BY COLM GANNON The last time these sides met in McHale Park, there were four seasons in one day, by the time 2pm comes on Sunday the sun mightn't be splitting the stones but the temperature will be at boiling point as Mayo and Galway face off for the Nestor Cup. A decade ago these sides met in the preliminary round of the Connacht championship in the same venue. Mayo were coming down after successive All Ireland final defeats and John Maughan's men were looking for a third crack at the cake. Taking charge of the Tribesmen for the first time that day in a championship match was a son of Mayo who would eventually lead them to All-Ireland glory that September and eventually another title three years later, bisected by another final appearance. A decade on from that meeting John O'Mahony has swapped the tribes for the heather and will be looking to claim his third Connacht Championship in charge of Mayo, a first in his second term in charge, standing in his way are a Galway side who looked like a side reborn under Liam Sammon in the early rounds of the league but have failed to live up to that billing since the bounce of spring came fully into bloom. Going back a decade, both David Heaney and James Nallen survived in Mayo's first 15 against Sligo while Padraic Joyce has been rolling back the years in the marquee attacking position for the Tribesmen, and on Sunday will be, as has been his want for the the last number of years, the man the Mayo defence will fear the most. Mayo were the last team into the championship this year and their facile win over Sligo (who have now since seen Tommy Jordan resign and are confined to the Tommy Murphy cup one year on from being the success story of the championship) is not the preparation they will have been looking for or needed a head of their clash against their most fiercest rivals. Connacht finals between these sides are occasions where form usually goes out the window, where one team sets it alight or both muddle through with a narrow victory at the end of the 70 minutes of uninspiring football, and Connacht football is written off by those apparently in the know nationally, but one thing is for sure, Mayo love to beat Galway and Galway love nothing more than getting one over on the neighbours. Sunday offers Mayo a chance to complete a treble of provinicial titles with the minor team along with their senior counterparts looking to complete a hat trick of provincial victories to go with the third u-21 title on the bounce by Pat Holmes and Noel Connelly sides, both men who lined out in that clash a decade ago with Connelly lining up at half back and Holmes coming in as a replacement. This year's championship has failed to really set the touch paper alight as of yet, with Cork's rip roaring comeback against Kerry along with Down's extra time victory over Tyrone the two stand out game, while none in the Connacht Championship has failed to provide any kind of entertainment that will be remembered in years to come. So this Sunday's game has a lot more riding on it that just the destination of the Nestor Cup as the pride of Connacht football is put in the spotlight once again as both sides go into the breach in search of glory for county and province.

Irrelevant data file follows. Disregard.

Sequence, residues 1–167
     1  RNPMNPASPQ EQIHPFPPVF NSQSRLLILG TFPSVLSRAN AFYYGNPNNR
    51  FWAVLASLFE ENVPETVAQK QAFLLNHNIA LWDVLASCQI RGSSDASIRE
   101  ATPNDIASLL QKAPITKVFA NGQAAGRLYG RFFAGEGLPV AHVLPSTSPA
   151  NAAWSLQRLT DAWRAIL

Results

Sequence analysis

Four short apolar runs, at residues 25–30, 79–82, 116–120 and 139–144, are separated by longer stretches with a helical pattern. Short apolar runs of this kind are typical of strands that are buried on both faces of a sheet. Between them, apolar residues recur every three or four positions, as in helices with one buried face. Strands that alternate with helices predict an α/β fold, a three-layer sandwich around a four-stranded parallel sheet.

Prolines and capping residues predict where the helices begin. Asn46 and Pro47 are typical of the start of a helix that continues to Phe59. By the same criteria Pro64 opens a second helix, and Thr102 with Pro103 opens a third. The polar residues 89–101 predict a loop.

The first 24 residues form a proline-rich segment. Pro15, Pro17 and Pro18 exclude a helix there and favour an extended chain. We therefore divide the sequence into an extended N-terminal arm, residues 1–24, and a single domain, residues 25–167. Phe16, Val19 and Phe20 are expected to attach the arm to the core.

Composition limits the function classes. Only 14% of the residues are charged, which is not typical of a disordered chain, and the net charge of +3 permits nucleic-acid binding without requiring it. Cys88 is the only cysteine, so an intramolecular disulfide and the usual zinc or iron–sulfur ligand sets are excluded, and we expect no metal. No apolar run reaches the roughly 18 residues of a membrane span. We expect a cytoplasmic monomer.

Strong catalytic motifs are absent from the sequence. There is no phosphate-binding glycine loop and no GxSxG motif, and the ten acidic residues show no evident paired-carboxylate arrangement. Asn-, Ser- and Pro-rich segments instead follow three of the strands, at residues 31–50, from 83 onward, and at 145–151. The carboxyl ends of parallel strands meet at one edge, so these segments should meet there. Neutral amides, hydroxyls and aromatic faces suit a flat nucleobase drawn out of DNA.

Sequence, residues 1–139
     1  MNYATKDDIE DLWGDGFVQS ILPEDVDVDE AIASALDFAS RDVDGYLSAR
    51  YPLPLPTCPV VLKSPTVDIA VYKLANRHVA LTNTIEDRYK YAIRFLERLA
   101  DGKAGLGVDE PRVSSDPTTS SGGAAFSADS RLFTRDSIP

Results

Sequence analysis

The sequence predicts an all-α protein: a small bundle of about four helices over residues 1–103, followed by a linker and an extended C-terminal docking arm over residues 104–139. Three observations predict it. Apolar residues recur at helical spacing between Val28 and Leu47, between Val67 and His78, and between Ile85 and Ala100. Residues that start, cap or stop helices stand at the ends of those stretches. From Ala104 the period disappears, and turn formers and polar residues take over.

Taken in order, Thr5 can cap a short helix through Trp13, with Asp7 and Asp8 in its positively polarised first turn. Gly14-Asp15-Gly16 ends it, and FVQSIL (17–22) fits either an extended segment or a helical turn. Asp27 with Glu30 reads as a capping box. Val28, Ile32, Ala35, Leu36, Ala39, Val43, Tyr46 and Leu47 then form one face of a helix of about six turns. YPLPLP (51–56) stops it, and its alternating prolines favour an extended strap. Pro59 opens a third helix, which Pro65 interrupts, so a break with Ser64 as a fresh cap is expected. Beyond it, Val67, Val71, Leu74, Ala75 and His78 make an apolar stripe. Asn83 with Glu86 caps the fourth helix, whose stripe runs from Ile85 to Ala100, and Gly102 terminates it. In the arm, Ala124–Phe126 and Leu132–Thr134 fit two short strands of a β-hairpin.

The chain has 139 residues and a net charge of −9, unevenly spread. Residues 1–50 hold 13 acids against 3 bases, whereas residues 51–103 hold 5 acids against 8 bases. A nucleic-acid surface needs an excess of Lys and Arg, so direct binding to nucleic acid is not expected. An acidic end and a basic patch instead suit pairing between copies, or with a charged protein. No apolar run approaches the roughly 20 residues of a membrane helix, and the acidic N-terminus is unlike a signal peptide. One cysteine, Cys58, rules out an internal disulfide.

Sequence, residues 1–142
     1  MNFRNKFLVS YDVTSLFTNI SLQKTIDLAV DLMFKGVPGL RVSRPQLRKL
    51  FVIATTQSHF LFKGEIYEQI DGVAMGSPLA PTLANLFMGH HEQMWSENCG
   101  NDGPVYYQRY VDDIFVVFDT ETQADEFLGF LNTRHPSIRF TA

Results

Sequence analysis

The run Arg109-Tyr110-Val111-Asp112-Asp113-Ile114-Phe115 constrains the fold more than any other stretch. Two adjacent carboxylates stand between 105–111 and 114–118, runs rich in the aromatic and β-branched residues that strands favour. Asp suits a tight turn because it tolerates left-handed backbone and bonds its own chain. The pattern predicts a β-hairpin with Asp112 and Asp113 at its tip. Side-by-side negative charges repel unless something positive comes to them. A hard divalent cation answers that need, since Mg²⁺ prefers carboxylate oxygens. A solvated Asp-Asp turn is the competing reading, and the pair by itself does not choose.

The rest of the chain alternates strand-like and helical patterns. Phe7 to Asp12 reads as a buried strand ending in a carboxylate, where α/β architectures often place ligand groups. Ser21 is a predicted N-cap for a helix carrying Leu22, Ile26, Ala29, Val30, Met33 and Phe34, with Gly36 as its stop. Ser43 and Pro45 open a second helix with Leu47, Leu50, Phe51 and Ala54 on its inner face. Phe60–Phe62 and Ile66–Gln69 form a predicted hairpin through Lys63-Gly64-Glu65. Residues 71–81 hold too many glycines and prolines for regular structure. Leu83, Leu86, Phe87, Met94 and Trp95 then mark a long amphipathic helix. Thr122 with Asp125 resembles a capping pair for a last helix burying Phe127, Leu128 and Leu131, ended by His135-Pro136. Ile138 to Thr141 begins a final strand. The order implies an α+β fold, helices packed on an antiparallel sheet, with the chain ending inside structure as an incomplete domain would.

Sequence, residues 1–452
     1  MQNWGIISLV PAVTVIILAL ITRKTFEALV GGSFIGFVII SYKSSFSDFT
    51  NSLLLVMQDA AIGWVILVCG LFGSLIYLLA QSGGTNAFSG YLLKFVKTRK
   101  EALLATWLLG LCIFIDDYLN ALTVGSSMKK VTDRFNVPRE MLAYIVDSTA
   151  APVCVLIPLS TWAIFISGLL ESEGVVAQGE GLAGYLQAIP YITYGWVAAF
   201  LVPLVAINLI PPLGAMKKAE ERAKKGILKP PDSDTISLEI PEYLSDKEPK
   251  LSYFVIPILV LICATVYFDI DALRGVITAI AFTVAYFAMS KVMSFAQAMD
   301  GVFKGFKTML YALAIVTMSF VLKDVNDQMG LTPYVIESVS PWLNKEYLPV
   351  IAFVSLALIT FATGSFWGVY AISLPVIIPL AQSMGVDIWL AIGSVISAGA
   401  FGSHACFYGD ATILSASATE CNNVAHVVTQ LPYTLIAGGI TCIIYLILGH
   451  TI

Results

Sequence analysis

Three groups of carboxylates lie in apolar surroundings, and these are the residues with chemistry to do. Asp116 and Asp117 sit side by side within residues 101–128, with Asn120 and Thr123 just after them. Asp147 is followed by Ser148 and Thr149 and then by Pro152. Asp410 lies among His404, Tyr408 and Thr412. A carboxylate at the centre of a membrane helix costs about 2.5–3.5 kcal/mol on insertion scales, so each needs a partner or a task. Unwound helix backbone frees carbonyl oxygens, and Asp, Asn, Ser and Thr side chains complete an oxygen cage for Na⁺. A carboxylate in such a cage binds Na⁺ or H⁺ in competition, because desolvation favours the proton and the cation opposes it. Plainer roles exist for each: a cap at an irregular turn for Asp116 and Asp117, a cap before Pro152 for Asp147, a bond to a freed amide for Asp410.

on Laois, exposed the gulf in class. The narrative followed a comparable pattern after the turnaround. Galway were clipping scores from various distances and angles, applying the brush strokes to the success that was already secured. John Brophy, Willie Hyland, and Eoin Holohan struck smashing points for Laois every bit as tasty as some of the Galway efforts, but the problem was the natives were more productive. In the dying embers Galway were content to loft over a string of late decorations with
Canning and Hayes especially effective as the afternoon petered out to its inevitable conclusion.
mins). Laois: P Mullaney; D Maher, J Delaney, J Delaney, C Healy; J Phelan, B Campion, C Coonan; E Holohan (0-1), C Delaney; W Hyland (01), J Walsh, J Rowney (01); N Costello (0-3, 3fs), J Brophy (0-3), N Holmes. Subs: M McEvoy for Rowney (45 mins), E Browne for Coonan (67 mins). Referee: J (Westmeath). McGrath
Galway: J Skehill; D Joyce, F Moore, O Canning; S Kavanagh, J Lee, D Forde; A Cullinane (1-2), A Smyth (0-2); A Kerins (0-3), C Donnellan, I Tannian (02); D Hayes (0-4), J Canning (0-9, 4fs), G Farragher (0-4, 2fs). Subs: N Healy for Donnellan (28 mins), C Dervan for Moore (34 mins). K Wade for N Healy (40 mins), F Healy for Kerins (48 mins), R Murray for Smyth (65
The `Try Rugby' camp got off to a great start and Connacht's Mike McCarthy was among the players who provided his rugby expertise. A limited number of places are still available in the remaining camps which run throughout the province for the month of July. For more information about the Connacht Rugby Summer Camps, contact the development office in the Connacht Branch at 091 561568.